Pope Francis, back from Canada, says retirement is a ‘normal option’

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ABOARD THE PAPAL PLANE – The trip, Pope Francis said, was a “test” – first a 10-hour flight across the Atlantic and an eight-hour time change, followed by nine speeches in five different locations in Canada. That was a lot for an 85-year-old pope with a knee so sore he can barely walk on his own.

So on the flight back to Rome, Francis said he concluded he needed to slow down. He said his style should change a bit. He even said that the “door is open” to retirement, even if nothing is imminent.

“I don’t think I can keep up with the same pace of travel as before,” Francis said, leading his press conference aboard the papal plane from a seat. “I think at my age and with this limitation, I have to save [my energies up] a little to be able to serve the church or, on the contrary, to think about the possibility of stepping aside. I say that in all honesty. It’s not a disaster. It is possible to change pope.

He said it was a “normal option” to think about retirement. This echoed other comments in which he said he would be willing to resign if his health made running the church impossible.

But so far, Francis said, he hasn’t reached that point.

“That doesn’t mean the day after tomorrow I won’t start thinking [about it]right?” said Francois. “But at the moment, honestly, I don’t.”

During his six days in Canada, Francis experienced both toughness and fragility. Despite all the jet lag, he regularly delivered one speech after the next and enjoyed moments of clear levity – like when he called for a detour from his wheelchair to be closer to a crowd outside a church.

But he also had to deal with very different limitations from previous years of his papacy. While visiting an Indigenous community in the plains of Alberta, where he apologized for the brutality of Canada’s residential school system, he was led to the edge of a wooden path leading to a cemetery. But he couldn’t move among the tombstones, which were all on the grass.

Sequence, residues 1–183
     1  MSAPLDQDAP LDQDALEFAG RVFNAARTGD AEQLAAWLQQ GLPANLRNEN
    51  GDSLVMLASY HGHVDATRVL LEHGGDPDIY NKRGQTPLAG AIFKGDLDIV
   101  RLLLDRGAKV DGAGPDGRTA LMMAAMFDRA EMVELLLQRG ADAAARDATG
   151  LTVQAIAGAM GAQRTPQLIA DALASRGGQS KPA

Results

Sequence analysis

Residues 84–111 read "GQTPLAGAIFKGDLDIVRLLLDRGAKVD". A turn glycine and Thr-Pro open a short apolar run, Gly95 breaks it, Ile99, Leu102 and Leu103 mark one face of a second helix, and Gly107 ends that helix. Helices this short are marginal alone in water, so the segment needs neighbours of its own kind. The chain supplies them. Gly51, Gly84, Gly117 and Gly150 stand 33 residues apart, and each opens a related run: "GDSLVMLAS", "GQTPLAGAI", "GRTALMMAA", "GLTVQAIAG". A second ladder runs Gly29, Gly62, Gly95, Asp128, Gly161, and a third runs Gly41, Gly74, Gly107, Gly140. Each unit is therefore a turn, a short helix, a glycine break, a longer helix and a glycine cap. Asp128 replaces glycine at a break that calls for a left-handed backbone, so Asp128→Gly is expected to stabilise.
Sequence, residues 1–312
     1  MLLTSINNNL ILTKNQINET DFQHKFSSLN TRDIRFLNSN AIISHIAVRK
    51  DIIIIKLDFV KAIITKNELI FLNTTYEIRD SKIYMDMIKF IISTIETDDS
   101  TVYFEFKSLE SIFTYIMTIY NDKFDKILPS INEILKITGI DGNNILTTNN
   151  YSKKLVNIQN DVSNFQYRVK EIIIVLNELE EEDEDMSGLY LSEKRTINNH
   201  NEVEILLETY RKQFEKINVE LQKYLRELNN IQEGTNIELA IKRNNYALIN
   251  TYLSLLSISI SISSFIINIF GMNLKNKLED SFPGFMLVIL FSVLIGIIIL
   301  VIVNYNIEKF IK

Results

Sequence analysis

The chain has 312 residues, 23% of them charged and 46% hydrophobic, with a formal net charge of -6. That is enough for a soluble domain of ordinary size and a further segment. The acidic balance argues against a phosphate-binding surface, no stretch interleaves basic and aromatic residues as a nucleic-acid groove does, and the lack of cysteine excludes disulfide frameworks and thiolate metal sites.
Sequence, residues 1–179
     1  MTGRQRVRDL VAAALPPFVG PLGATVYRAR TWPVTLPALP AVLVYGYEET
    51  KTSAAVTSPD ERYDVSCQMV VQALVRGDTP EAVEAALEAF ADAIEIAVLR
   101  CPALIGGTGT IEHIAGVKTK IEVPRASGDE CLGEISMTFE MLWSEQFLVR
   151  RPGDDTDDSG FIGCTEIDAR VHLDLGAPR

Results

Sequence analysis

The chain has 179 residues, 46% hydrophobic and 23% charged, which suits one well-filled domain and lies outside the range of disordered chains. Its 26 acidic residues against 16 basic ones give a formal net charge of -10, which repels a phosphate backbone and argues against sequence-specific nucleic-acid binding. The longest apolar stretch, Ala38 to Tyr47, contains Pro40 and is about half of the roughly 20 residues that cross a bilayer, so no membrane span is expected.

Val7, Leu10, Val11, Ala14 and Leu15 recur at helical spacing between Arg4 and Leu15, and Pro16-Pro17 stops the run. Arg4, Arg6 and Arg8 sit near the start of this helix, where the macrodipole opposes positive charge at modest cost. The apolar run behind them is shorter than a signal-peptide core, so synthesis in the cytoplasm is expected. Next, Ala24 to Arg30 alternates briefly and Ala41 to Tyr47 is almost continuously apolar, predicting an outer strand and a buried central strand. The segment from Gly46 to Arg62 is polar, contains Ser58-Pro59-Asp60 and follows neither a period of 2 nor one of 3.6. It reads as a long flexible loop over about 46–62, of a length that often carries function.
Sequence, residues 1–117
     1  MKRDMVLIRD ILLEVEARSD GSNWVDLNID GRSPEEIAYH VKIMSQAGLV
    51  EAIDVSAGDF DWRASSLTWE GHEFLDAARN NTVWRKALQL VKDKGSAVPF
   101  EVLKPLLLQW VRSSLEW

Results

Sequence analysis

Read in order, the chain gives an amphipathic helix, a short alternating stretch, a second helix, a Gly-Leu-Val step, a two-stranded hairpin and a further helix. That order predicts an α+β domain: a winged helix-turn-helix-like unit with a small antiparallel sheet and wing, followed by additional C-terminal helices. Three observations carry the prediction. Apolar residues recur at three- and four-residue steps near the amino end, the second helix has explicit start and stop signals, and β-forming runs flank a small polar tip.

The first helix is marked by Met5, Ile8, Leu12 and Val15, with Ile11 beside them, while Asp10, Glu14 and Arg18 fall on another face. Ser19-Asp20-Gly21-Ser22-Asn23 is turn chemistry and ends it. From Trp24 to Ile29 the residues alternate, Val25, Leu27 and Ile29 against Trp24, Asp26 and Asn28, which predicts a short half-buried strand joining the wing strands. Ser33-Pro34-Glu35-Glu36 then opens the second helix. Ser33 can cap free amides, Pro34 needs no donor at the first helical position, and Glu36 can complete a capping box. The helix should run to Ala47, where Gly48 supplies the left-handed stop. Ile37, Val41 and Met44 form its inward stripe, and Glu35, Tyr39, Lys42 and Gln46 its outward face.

Although he was in fairly good health for much of his papacy, Francis over the past year and a half has struggled with painful bouts of sciatica, had colon surgery and, more recently, has suffered knee inflammation that left him largely dependent on a wheelchair. The lost mobility forced him to reconsider his practical style as pope. On several occasions before his trip to Canada, he lamented his inability to mingle with the crowds of pilgrims as he had done before.

Is Pope Francis nearing the end of his pontificate?

And that’s just one of the ways his pontificate has changed. It no longer has the rock star that follows or draws huge crowds. His stories lack the novelty of previous years – including in press conferences, where he keeps surprises to a minimum. But on some topics, like aging, his words carry more weight than ever. Many of his prepared remarks touch on the value of older people, and it’s left to interpretation how much his sentiment reflects personal experience.

“It warms my heart to see so many grandparents and great-grandparents here,” Francis said at some point during his time in Canada. “I thank you and would like to say to all those families who have elderly people at home: you have a treasure! Keep this source of life in your homes. Take care of it as a precious heirloom to love and cherish.

In Canada, the organizers shaped the route to meet its limitations. He moved to and from the papal plane on a platform-like lift. He spoke sitting down. The trip had a slower pace than previous tours – with two events most days rather than four or five.

“I don’t think I can continue with the same pace of travel as before,” the pope said.

In Canada, Francis asked for forgiveness — personally and on behalf of “many” in the Catholic Church — for the Church’s involvement in one of Canada’s greatest traumas: the residential schools that sought to forcibly assimilate indigenous children to Euro-Christian society. Francis’ trip broke the standards of papal travel because it was openly intended for penance and not evangelism.

Francis said he would continue to travel. Although he had to cancel an earlier trip in July to the Democratic Republic of Congo and South Sudan due to treatment for his knee, he has a series of short trips to Italy in the coming weeks and he must go to Kazakhstan in September. . François also mentioned the possibility of trying once more to go to the Congo.

“It will be next year,” he said.

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